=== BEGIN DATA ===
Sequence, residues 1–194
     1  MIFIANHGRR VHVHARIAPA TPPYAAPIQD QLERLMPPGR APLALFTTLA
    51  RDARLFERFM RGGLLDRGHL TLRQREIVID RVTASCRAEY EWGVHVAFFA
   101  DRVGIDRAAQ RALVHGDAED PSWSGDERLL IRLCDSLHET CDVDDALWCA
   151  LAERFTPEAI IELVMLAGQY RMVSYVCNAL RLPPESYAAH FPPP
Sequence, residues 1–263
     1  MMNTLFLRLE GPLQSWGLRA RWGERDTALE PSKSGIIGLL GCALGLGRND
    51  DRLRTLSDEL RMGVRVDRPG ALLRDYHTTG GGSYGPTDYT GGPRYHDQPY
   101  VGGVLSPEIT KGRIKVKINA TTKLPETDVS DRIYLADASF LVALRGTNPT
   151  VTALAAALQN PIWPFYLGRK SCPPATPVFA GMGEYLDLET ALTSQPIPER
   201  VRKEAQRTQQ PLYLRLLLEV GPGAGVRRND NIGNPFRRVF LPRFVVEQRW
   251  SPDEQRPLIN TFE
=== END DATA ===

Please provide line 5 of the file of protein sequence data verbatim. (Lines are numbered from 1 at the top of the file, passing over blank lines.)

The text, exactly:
   151  LAERFTPEAI IELVMLAGQY RMVSYVCNAL RLPPESYAAH FPPP